The Daily Tar Heel

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Thursday May 26th

Silent films make a comeback in 'Talking Music'

Silent films are back in vogue, and a German music ensemble is adding a new twist to them.

Today, the Ensemble Ascolta will play live accompaniments during screenings of silent films at the Varsity Theatre on Franklin Street.

SEE THE DOCUMENTARY

Time: 7 p.m. today

Location: Varsity Theatre

Info: http://bit.ly/SX00eR

The set of performances — “Silent Films with Original Live Music” — is part of the UNC music department’s series “Talking Music.”

Titus Engel, conductor of the Ensemble Ascolta, said experimental silent films were a popular art form in the 1920s.

“All of these films were artistic and had a very special way that they worked with the images,” Engel said.

Allen Anderson, a UNC music professor, wrote a score to be played alongside Hans Richter’s 1926 experimental short film, “Filmstudie.”

Anderson said he became involved in the project when UNC music professor Stefan Litwin, creator of the series, asked him to compose one of the scores.

Litwin said he created the series to better communicate the essence of contemporary music.

“There are many different styles at work these days, and listening is such a subjective activity,” Litwin said. “We talk about music and we also experience music as talking.”

Anderson said he watched “Filmstudie” numerous times and worked on his score until it fit perfectly.

“My challenge was the time constraint,” he said. “The film starts then stops and the music has to match that.”

Anderson said the contemporary music adds a new layer to the films.

“Music uses the element of memory and imagination,” Anderson said. “The music helps to influence the way the audience views the piece of art.”

“Silent Films with Original Live Music” will feature other films including Richter’s “Vormittagsspuk,” which translates to “Morning Spook.”

Litwin said the Ensemble Ascolta’s music interprets the films from today’s perspective.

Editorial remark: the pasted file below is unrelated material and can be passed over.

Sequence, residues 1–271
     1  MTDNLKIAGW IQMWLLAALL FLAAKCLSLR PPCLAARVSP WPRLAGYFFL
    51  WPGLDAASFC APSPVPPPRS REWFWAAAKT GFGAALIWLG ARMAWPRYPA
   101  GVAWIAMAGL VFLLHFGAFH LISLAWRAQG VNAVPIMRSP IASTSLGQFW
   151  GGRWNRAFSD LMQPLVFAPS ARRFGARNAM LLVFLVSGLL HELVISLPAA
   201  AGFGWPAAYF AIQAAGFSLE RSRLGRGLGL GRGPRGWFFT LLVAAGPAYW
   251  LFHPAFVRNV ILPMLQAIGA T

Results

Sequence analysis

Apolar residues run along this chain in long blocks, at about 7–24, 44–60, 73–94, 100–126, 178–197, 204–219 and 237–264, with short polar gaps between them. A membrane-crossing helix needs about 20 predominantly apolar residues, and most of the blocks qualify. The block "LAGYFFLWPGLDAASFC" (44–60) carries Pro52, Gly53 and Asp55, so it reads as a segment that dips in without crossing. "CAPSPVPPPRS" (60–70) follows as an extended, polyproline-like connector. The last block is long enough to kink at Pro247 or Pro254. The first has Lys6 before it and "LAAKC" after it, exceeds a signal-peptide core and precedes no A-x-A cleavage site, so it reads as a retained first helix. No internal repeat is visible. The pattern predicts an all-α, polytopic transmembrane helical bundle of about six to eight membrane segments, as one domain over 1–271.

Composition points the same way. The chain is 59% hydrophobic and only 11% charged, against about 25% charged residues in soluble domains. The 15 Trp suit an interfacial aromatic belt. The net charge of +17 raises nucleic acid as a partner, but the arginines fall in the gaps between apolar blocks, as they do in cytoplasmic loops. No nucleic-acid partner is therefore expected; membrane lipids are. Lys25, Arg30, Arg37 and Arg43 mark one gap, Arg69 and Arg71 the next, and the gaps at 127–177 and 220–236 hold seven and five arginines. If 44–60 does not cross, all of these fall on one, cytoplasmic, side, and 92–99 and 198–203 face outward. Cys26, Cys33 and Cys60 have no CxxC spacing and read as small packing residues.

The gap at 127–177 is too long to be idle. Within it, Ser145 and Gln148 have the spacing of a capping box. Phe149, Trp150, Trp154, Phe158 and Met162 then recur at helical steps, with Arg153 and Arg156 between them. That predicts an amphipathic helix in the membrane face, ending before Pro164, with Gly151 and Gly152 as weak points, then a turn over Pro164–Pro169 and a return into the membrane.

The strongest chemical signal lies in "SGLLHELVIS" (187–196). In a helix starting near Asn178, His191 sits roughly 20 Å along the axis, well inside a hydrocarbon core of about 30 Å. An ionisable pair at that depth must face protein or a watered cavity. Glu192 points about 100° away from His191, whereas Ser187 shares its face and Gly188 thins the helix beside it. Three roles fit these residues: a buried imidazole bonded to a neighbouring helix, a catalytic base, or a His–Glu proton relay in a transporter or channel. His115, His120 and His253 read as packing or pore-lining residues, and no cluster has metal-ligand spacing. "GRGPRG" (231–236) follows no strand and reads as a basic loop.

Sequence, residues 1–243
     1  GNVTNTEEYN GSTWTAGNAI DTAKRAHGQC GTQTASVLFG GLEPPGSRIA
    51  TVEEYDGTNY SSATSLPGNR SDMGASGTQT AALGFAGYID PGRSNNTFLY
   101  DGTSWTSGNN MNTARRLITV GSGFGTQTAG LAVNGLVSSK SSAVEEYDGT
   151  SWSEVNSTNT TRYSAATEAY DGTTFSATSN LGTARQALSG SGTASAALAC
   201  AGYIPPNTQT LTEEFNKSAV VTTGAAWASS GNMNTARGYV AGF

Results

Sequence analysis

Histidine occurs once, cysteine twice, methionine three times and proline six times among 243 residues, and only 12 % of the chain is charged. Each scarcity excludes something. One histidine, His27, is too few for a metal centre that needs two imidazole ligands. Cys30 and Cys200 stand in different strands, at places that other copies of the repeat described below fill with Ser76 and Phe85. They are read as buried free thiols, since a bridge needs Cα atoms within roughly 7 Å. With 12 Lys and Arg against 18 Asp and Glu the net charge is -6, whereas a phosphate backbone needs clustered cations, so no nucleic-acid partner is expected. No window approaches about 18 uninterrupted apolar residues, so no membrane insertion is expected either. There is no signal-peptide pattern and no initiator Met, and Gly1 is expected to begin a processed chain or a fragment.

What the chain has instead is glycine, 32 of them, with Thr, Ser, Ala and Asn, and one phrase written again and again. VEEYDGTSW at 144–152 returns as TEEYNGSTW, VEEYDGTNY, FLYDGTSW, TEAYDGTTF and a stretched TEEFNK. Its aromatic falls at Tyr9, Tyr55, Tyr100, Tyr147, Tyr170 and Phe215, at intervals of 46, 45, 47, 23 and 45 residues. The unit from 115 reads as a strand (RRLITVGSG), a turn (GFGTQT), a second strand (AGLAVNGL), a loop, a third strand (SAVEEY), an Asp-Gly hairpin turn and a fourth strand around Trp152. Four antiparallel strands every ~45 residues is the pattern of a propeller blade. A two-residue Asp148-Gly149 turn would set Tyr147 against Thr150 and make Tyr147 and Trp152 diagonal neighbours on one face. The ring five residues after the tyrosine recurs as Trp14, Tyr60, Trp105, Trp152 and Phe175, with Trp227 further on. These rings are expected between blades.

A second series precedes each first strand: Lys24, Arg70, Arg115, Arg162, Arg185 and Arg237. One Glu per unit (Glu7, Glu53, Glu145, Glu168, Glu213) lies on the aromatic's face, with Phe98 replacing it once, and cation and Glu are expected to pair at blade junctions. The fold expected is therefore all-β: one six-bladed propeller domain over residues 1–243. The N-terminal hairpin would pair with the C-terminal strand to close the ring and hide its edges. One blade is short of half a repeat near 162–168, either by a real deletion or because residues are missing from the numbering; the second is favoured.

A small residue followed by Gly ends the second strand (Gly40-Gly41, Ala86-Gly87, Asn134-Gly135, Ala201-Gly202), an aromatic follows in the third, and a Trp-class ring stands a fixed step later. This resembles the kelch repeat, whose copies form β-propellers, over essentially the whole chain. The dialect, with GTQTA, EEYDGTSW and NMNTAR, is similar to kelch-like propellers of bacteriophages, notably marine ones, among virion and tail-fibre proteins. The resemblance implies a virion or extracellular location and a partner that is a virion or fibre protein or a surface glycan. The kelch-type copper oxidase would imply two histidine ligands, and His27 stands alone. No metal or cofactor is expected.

“What’s unique to this project is that these old films have been set to music of today, so these are all contemporary composers,” he said. “It’s a fantastic opportunity to hear what’s happening in new music at the moment.”

The Ensemble Ascolta is a contemporary group composed of seven members who play the trumpet, trombone, cello, guitar, piano and drums.

Cellist Erik Borgir said the group has focused on pursuing a modern sound.

“Almost every contemporary music ensemble has based their sound on piano, strings or woodwinds,” Borgir said.

“We wanted to get away from that sound. We have so much percussion and brass — we have a big band sound.”

Engel said he is looking forward to bringing the ensemble’s sound to UNC.

“The most exciting thing for me is that you have these two worlds coming together in this music,” Engel said.

“You have the film and the contemporary music. These live acts bring the life back to the films.”

Borgir said he wants the production to make audience members reflect on the music they hear.

“It’s kind of this element of not just having a great evening and going out for a drink afterward,” Borgir said.

“It’s about being challenged to understand things that aren’t self-evident. We’re trying to get people to stop their lives and go into a world that they aren’t familiar with.”

Contact the desk editor at arts@dailytarheel.com.

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